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Death is getting more expensive — would you consider a DIY funeral?

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Rising inflation and the increased cost of living has hit products ranging from eggs to automobiles to cereal – but now rising costs are affecting people’s views on death.

According to a survey of 1,500 Americans, insurance agency Choice Mutual found that financial distress due to current inflation and increased cost of living has caused 28% to change their burial, funeral, or insurance plans. If money wasn’t a factor, 68% said they would change their burial plans.

The United States funeral industry takes in about $20 billion per year, according to Marketdata LLC. The price of the average funeral is $7,848.

Choice Mutual found that nearly 50% of respondents are concerned about the cost of their funeral and burial plans. As many as 43% of respondents would even consider a rental coffin for their memorial service to save money on their end-of-life expenses, the survey found.

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“Americans are hyper focused on the cost of living and the cost of dying,” said Olivia Newport, research analyst in the Choice Mutual report. “Americans are becoming more educated on their options and are requiring more transparency in pricing and services.”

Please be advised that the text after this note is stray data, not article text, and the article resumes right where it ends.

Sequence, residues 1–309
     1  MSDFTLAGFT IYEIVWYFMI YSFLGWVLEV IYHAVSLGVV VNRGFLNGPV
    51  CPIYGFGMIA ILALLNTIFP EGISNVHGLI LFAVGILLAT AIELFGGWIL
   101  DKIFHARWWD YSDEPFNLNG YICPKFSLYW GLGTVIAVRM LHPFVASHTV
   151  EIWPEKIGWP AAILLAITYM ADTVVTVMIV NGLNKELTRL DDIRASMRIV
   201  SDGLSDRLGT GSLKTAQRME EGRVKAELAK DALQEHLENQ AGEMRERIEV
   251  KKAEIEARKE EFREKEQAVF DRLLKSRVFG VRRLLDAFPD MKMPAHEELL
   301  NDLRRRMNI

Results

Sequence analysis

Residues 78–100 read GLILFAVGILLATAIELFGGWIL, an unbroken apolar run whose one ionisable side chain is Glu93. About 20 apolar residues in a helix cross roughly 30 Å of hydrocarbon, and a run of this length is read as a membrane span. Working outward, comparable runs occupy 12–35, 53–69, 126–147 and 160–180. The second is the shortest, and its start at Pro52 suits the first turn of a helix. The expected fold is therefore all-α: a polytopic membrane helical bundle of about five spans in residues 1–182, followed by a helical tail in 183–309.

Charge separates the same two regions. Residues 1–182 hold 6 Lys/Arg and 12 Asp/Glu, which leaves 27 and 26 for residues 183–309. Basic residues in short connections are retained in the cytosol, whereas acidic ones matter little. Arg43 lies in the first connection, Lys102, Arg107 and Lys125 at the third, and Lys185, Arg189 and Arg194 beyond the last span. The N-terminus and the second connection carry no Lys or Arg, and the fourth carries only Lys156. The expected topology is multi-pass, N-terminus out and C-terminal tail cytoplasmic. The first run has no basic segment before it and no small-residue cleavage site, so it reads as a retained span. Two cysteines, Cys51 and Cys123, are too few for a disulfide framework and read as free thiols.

Read: Do you want your funeral to be a Porsche or a Hyundai? Funeral homes may have to post prices online for the first time. 

There’s also a movement away from traditional burials, Newport noted. 

The U.S. cremation rate is expected to increase from 59.3% in 2022 to 78.7% in 2040, according to the National Funeral Directors Association. The group attributed the rise in cremations to changing consumer preferences, weakening religious prohibitions, cost considerations, and environmental concerns.

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“People are less interested in the traditional, religious-affiliated service. They’re interested in what’s most meaningful to your family and what’s not necessarily expected,” Newport said.

For example, 52% of Americans would consider a “DIY funeral” to save money on their end-of-life expenses. DIY, or do-it-yourself, is a broad term that covers everything from at-home funerals to direct cremation followed by a celebration of life, Newport said.

Read: What should I do with my body when I die? The options go way beyond burial and cremation.

A total of 41% of respondents underestimated the cost of a funeral and 39% said they had been burdened by the cost of a loved one’s funeral expenses, the survey found.

“Cost is a major factor. But a lot of people don’t make plans and the family doesn’t have the time or the emotional stability to investigate their options. That may be why funeral homes charge what they charge,” Newport said.



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